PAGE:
Government bows to MPs and ‘waters down’ the Renters (Reform) Bill

Government bows to MPs and ‘waters down’ the Renters (Reform) Bill

0:05 AM, 29th February 2024, About 3 months ago 15

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The government is proposing changes to the Renters (Reform) Bill in a bid to head off a backbench rebellion of its MPS, the BBC reports.

The Bill, which will see Section 21 ‘no-fault’ evictions abolished, could see a major makeover.

According to the BBC, ministers have been consulting with Conservative MPs who are critical of the bill and have circulated draft amendments that would see some of the Bill’s controversial aspects being watered down. These amendments apparently include:

  • Minimum tenancy period: Requiring renters to live in a property for at least four months before they can give notice
  • Hearsay evidence: Allowing ‘hearsay’ evidence in eviction claims related to antisocial behaviour.

‘End the use of fixed term tenancies and no-fault repossessions’

The chief executive of the National Residential Landlords Association (NRLA), Ben Beadle, said: “We have long accepted that the Government has a mandate to end the use of fixed term tenancies and no-fault repossessions.

“Our focus has, and continues to be, on developing a replacement system that is fair and workable for tenants and responsible landlords. This need not be a zero-sum game between the two.”

He added: “The NRLA has consistently campaigned for the Bill to balance the protections promised to tenants and the legitimate business needs of landlords to enable them to continue to provide rented homes.

“If the Government is considering amendments that would provide for assurances to landlords with a six-month minimum term and ensure confidence for all in the court process, then that balance would be struck.”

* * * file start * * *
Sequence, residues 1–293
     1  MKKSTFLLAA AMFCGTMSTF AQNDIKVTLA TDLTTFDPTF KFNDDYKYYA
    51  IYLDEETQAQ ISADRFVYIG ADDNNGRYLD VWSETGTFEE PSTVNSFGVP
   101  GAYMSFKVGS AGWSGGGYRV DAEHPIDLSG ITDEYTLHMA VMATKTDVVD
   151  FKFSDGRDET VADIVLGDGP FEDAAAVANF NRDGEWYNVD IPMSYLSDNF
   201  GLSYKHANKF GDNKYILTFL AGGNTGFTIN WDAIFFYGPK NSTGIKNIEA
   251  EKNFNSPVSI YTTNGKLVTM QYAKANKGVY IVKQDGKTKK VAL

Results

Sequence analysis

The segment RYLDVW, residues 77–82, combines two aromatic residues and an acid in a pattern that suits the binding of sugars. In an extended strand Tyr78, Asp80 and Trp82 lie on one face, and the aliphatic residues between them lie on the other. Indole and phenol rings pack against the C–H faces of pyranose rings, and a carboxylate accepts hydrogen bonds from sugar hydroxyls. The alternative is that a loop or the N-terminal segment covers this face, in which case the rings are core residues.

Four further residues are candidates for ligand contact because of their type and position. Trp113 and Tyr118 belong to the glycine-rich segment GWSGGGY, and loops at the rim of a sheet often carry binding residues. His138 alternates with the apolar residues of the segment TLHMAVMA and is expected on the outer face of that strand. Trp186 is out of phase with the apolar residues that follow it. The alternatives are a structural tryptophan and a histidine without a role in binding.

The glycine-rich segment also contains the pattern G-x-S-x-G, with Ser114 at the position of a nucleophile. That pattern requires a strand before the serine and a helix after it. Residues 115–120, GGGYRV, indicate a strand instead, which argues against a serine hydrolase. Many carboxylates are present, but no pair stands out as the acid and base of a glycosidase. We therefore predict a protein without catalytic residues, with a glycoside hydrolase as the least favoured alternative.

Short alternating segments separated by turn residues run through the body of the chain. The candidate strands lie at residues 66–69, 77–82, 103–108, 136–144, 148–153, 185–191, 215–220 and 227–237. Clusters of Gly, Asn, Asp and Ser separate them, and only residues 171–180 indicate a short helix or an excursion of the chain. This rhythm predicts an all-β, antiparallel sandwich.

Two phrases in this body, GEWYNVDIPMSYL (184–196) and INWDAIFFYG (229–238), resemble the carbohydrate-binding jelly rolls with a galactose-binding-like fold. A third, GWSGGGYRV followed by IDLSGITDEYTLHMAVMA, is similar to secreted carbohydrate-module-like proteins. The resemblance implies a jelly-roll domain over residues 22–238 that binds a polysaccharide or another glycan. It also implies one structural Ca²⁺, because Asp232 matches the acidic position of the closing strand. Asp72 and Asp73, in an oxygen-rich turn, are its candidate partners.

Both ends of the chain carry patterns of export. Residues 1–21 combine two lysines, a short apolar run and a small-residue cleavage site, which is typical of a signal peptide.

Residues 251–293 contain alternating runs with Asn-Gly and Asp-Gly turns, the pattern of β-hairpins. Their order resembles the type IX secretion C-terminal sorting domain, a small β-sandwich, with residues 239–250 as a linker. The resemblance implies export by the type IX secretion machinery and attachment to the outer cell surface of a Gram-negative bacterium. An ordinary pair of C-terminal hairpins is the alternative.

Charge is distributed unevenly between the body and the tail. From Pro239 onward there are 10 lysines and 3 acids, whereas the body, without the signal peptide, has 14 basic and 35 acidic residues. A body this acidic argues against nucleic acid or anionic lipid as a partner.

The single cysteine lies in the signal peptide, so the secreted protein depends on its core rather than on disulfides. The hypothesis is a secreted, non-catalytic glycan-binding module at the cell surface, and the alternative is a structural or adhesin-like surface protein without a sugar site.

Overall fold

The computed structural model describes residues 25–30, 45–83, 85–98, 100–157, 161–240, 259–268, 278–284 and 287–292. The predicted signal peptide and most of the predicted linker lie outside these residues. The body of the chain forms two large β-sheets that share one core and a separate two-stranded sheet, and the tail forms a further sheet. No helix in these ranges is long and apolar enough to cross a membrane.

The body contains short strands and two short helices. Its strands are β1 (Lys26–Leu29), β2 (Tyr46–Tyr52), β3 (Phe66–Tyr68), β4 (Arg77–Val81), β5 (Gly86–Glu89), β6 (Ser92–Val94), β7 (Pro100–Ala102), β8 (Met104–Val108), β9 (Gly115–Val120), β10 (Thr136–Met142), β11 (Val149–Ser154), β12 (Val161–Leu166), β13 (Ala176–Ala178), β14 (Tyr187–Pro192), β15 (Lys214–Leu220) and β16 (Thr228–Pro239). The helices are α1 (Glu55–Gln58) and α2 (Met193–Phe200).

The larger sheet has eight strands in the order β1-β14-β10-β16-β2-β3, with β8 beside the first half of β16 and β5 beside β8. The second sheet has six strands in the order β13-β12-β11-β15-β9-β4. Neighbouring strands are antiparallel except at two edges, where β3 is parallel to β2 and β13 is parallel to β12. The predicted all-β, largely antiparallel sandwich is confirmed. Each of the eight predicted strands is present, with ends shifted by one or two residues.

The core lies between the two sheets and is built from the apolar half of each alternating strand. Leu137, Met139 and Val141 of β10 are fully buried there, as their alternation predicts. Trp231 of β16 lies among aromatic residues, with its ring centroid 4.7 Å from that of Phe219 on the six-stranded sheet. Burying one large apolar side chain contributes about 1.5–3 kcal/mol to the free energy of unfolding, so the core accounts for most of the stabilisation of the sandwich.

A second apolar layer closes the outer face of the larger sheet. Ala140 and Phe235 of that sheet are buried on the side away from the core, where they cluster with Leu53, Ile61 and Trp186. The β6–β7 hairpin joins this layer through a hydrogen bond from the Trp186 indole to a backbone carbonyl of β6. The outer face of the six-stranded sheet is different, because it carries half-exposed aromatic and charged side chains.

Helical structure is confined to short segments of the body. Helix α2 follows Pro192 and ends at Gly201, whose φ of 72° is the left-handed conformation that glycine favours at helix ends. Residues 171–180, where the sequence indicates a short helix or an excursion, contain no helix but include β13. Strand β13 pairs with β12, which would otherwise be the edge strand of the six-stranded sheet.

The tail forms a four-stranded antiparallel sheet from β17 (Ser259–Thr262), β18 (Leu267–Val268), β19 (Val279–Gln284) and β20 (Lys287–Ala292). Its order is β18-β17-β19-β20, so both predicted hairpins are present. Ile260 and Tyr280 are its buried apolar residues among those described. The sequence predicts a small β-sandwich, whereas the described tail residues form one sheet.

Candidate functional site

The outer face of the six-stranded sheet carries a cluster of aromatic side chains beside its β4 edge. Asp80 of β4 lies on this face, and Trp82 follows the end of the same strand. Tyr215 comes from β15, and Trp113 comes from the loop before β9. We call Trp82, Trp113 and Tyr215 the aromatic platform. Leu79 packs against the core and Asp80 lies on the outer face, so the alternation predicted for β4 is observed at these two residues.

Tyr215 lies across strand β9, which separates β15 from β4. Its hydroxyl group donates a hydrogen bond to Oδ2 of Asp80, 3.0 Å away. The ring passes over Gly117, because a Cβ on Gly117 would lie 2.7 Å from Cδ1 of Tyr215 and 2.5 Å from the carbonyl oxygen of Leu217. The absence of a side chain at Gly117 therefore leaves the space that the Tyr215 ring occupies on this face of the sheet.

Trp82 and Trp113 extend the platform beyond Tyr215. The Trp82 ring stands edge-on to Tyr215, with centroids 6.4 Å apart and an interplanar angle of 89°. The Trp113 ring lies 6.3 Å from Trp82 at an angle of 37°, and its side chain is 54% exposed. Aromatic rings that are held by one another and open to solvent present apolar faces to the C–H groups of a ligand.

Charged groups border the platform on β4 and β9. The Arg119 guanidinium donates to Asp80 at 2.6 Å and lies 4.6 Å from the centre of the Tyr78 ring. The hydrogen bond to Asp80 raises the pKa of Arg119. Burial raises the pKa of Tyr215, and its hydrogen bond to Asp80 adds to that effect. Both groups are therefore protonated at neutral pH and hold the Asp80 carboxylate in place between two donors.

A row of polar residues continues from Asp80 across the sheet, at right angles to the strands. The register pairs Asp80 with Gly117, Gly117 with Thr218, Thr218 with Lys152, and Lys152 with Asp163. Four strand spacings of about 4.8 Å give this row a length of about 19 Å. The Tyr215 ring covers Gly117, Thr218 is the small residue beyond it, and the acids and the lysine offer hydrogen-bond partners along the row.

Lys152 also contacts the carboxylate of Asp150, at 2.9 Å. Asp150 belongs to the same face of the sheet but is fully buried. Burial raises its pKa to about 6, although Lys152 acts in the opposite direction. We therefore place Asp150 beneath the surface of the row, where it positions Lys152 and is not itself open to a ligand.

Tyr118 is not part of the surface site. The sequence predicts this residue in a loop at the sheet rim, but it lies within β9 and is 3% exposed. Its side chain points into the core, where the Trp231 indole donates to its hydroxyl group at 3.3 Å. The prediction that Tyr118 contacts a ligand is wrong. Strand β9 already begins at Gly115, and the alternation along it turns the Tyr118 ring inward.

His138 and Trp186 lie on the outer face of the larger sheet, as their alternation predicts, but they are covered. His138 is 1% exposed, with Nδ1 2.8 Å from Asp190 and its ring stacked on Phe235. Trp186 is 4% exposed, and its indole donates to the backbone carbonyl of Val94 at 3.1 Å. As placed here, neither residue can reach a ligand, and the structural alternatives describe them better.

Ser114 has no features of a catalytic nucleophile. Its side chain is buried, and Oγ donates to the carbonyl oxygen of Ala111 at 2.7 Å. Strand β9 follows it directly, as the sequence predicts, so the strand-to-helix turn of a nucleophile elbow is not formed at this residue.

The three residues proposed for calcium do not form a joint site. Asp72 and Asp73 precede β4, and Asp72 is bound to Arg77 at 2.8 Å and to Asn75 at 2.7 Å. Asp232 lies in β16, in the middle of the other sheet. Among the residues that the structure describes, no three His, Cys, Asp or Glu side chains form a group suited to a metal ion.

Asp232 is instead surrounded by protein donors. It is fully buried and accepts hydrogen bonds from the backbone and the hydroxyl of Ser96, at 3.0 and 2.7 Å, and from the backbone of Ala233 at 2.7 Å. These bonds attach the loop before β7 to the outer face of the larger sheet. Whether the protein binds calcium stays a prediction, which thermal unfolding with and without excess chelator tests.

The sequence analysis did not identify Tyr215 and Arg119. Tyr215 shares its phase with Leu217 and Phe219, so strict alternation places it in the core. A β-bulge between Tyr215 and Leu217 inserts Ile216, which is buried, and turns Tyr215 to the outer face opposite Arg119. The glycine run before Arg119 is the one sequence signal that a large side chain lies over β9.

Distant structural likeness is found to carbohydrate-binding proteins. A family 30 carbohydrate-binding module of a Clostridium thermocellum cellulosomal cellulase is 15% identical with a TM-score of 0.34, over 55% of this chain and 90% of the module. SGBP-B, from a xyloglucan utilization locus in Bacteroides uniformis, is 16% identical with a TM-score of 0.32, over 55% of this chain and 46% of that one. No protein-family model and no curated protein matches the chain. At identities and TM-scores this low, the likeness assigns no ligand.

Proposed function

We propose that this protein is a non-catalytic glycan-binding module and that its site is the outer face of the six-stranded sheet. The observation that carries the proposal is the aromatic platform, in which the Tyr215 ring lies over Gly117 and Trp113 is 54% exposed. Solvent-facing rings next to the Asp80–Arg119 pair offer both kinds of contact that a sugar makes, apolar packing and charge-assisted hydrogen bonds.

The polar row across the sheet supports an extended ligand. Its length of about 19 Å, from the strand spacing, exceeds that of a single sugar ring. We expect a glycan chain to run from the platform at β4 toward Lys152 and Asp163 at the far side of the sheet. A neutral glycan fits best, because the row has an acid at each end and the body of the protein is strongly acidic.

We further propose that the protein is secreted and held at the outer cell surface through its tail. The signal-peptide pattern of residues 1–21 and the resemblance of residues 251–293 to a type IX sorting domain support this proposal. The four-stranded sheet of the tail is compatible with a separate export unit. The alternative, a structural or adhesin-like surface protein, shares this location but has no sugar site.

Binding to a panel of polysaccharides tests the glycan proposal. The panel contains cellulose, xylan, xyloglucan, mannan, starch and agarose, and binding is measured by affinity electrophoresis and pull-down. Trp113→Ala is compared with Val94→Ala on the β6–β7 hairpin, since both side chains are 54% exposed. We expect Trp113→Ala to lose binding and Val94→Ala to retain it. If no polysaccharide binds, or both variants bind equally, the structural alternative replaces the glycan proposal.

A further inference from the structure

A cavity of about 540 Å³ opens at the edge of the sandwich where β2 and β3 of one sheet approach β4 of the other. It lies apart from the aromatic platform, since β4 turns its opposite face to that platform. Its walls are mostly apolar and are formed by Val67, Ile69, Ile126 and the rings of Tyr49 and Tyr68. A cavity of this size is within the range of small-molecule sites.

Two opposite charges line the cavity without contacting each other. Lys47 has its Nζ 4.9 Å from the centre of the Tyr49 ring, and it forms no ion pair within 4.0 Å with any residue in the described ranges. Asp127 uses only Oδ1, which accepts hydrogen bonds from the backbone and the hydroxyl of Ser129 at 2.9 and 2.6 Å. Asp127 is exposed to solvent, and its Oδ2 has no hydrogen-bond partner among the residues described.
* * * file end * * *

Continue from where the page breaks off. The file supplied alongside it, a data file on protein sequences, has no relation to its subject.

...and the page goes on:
Government’s commitment to banning Section 21 ‘no-fault’ evictions

Michael Gove has recently expressed the government’s commitment to banning Section 21 ‘no-fault’ evictions before the next election, however, the proposed changes reflect the pressure it faces from within its own party.

The Renters’ Reform Bill, introduced last year, has faced opposition from around 50 Conservative MPs, including those who are landlords.

They argue that the bill could discourage landlords from renting out properties, ultimately reducing the number of available rental homes.

One Conservative MP told the BBC that ‘agreement seems to have been reached on nearly all points’ regarding the amendments.

Critics say the proposed changes could significantly impact the Bill’s effectiveness in protecting tenants in England.

‘Unacceptable for tenants to be treated as an afterthought’

The chief executive of Generation Rent, Ben Twomey, said: “It is unacceptable for tenants to be treated as an afterthought around reforms which we were told would help us.

“We will not stand by while the new law to protect and empower renters is transformed into a Landlord’s Bill of Rights.

“If the government really is going to water down the Bill even further, England’s 12 million private renters deserve to know why.”

He added: “In particular, weakening licensing schemes could compromise the safety of renters.

“These schemes give councils some of the strongest powers to tackle criminal landlords and sub-standard, dangerous homes. The plan to trap tenants in properties for six months, making it much more difficult for them to leave sub-standard or mis-sold homes, is another measure that undermines tenant welfare.”

‘Yet another betrayal of renters’

Angela Rayner, the deputy Labour leader and shadow housing secretary accused the government of ‘yet another betrayal of renters’, and this was ‘yet another example of Rishi Sunak’s weakness which means he always puts party before country’.

She also called for a government statement to be made, claiming the news had emerged in an ‘underhand way’.

Labour has promised to ban no-fault evictions if it wins the next general election.

A spokesperson for the Department for Levelling Up, Housing and Communities said: “Our landmark Renters (Reform) Bill will deliver a fairer private rented sector for both tenants and landlords. It will abolish section 21 evictions – giving people more security in their homes and empowering them to challenge poor practices.

“We continue to meet regularly with a range of groups, representing all those in the private rented sector.”